Department of Lands and Natural Resources
08/06/22 – MOSQUITO CONTROL TO SAVE HAWAIIAN HONEYCREEPERS DOES NOT INVOLVE GMOs
Published on June 8, 2022 in Press releases, slider
SUZANNE D CASE
For immediate release: June 8, 2022
MOSQUITO CONTROL TO SAVE HAWAIIAN HONEYCREEPERS DOES NOT INVOLVE GMOs
Ministry of Agriculture advisory committee to review import permit on Thursday
To see the video, click on the photo or watch on this link: https://vimeo.com/205268213
(HONOLULU) – Despite misinformation circulating on social media, the importation of “male-incompatible” mosquitoes to control wild mosquito populations and save four native bird species from extinction, does not involve the use of No Genetically Modified Organisms (GMOs) or Genetically Modified Organisms (GE).
On Thursday, the Department of Agriculture’s Plants and Animals Advisory Committee will consider listing three species of mosquitoes on its List of Restricted Species A. The listing would allow the import of three species of mosquitoes, which are already present in Hawai’ i. One of them, the southern house mosquito (Culex quinquefasciatus) is responsible for the steep population declines of many treecreeper species on Kaua’i, Maui, and Hawai’i. The other two species – the yellow fever mosquito (Aedes aegypti) and the Asian tiger mosquito (Aedes albopictus) – transmit human diseases.
A collection of agencies and organizations working under the Birds, not mosquitoes partnership, plan to introduce an anti-mosquito contraceptive into bird habitats to try to prevent avian malaria from killing the last remaining populations of these birds… some of which have fewer than 100 individuals in the wild and are expected to disappear in less than two years.
The birth control method uses male mosquitoes (which do not bite) with a strain of bacteria called Wolbachia which is incompatible with the strain of Wolbachia currently found in wild mosquitoes in Hawaiʻi. When these male mosquitoes mate with females in the forest, the mosquito eggs do not hatch and the size of the mosquito population decreases. No gene is modified in the mosquito or in the Wolbachia bacteria.
This mosquito birth control approach is used safely in 15 different countries, including the Americas. Birds, not mosquitoes The partnership is guided by the state’s top scientists and researchers, who collectively have decades of experience studying Hawaii’s forest birds and mosquitoes. According Birds, not mosquitoes“We need these Wolbachia-incompatible male mosquitoes must be listed before importation can begin.
Landscape-scale control of disease-carrying mosquitoes is considered the most pressing conservation issue in Hawai’i. A recent report from the US Department of the Interior estimated that the ‘akikiki of Kaua’i are expected to disappear in 2023, and the ‘ākohekohe, kiwikiu and ‘akeke’e shortly thereafter. Information from the Birds, not mosquitoes The group notes, “Hawaiian creeper extinction is driven by exposure to avian diseases transmitted by non-native mosquitoes. Climate change is allowing disease-carrying non-native mosquitoes to invade high-altitude forests, which were previously the last disease-free habitat where vines were safe.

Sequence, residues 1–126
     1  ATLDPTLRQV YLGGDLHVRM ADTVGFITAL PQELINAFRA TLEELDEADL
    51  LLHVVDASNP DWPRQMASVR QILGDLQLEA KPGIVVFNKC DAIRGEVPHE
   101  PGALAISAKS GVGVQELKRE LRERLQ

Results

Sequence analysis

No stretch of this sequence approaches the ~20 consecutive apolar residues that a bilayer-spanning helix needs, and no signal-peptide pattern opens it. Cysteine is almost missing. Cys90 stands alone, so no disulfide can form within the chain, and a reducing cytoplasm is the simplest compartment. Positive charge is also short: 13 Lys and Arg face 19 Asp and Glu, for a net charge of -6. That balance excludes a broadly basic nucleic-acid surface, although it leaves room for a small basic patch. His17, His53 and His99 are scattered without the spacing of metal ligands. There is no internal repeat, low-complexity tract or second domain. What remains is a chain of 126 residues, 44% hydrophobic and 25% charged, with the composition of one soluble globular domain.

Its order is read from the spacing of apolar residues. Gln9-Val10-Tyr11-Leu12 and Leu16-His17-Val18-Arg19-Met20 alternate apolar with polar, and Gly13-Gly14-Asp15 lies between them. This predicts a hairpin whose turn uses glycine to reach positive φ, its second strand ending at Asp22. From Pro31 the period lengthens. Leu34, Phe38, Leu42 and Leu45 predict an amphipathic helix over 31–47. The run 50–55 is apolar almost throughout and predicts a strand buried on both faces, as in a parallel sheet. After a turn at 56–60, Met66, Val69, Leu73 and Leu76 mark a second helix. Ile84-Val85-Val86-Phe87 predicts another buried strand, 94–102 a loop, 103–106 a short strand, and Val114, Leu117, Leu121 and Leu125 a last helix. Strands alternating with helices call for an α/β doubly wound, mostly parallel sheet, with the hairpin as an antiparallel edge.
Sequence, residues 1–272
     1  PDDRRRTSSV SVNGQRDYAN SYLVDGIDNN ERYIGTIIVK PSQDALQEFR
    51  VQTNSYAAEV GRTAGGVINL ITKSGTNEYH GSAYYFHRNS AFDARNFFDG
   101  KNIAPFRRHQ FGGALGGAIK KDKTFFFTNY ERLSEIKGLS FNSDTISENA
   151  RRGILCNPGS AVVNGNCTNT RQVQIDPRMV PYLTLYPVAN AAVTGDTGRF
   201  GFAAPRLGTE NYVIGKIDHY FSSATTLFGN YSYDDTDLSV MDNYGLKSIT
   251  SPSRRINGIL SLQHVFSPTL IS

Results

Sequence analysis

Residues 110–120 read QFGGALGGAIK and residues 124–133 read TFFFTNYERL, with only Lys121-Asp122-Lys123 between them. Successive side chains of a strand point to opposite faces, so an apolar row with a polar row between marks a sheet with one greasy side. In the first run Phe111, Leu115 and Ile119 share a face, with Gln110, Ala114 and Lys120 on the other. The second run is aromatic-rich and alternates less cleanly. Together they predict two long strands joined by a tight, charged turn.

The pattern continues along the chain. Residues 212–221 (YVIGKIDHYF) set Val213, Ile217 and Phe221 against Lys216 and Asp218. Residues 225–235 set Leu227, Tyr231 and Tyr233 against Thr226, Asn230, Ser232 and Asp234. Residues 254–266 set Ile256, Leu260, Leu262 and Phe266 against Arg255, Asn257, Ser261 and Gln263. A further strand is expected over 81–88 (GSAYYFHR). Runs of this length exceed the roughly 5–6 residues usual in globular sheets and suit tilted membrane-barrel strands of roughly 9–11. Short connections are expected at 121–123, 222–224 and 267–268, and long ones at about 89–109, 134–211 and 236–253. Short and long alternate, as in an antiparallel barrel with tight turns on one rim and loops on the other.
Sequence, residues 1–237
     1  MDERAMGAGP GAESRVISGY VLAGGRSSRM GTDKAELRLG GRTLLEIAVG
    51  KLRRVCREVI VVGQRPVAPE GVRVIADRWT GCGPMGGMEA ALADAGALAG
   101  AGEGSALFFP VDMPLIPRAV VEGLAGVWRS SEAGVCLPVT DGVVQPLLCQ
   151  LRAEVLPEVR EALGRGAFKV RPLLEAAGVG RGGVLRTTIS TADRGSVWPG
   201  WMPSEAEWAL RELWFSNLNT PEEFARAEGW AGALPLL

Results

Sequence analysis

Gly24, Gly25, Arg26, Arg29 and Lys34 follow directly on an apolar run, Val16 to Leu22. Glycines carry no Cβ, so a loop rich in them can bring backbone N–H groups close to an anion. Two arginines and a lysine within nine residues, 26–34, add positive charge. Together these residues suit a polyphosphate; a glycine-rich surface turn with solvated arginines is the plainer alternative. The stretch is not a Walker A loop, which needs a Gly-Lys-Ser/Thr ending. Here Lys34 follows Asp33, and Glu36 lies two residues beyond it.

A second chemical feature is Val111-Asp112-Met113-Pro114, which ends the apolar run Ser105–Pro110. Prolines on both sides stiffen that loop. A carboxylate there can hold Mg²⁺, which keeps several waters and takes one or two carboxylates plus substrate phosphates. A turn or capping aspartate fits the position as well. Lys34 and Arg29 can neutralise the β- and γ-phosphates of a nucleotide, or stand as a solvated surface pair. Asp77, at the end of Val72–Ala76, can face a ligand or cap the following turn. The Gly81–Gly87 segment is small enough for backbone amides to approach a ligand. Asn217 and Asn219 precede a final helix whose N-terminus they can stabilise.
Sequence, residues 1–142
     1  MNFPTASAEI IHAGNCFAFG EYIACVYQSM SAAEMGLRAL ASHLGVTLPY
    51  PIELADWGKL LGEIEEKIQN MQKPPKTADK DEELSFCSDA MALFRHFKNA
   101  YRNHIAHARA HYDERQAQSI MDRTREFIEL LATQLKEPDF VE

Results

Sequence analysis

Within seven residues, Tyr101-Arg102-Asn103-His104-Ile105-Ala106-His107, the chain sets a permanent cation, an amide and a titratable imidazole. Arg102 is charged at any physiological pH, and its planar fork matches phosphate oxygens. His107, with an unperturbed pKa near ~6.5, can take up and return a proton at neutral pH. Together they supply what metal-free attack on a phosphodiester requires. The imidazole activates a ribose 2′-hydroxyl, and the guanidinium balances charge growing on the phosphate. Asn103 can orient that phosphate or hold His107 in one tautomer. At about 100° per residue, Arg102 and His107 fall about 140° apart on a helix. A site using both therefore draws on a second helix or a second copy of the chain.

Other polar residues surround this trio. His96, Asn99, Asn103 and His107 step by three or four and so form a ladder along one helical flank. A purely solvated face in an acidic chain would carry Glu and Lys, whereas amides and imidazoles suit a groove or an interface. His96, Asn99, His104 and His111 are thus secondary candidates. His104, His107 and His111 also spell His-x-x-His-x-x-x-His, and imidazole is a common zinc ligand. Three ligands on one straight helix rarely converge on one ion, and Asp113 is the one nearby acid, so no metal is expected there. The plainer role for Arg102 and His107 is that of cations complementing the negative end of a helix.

- The Culex/Wolbachia process is not genetic modification or genetic engineering
- The Culex the species involved is already in Hawai’i
- The Wolbachia bacterial implantation is already happening in Hawai’i
- The only change is the voltage of Wolbachia being implanted currently occurs in another genus of mosquitoes (Aedes).
- The different Wolbachia strains in Culex will cause both male and female mosquitoes to produce infertile eggs.
DLNR chair Suzanne Case said: “It is disappointing that some people are misinforming others saying it uses GMOs or GE. They are not genetically modified or modified organisms. The proposed technique does not modify mosquito genes or Wolbachia. It’s a process similar to taking antibiotics and then consuming probiotics to replace the existing community of bacteria with a different community in your stomach.
All three mosquitoes are known to carry human diseases in Hawai’i. Listing the species will allow the Ministry of Health to use this tool to reduce populations of mosquitoes of health concern in a safe and targeted manner, without the use of chemical insecticides.
The Birds, not mosquitoes partnership is asking people to send in testimonials of support for the listing of the three mosquito species by 4 p.m. today. Submit your testimony to Mr. Jonathan Ho, Head of Inspection and Compliance Section, [email protected] or fax to (808) 832-0582.
Please include “Hawaiian Plants and Animals Advisory Committee on the Proposal to Add Three Mosquito Species to the Restricted Animals List” in the subject line.
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(All images/video courtesy of DLNR)
HD Video – University of Hawaii Mosquito Lab (February 22, 2017):
Photographs – University of Hawaii Mosquito Lab (February 22, 2017):
Senior Communications Manager
Hawaii Department of Lands and Natural Resources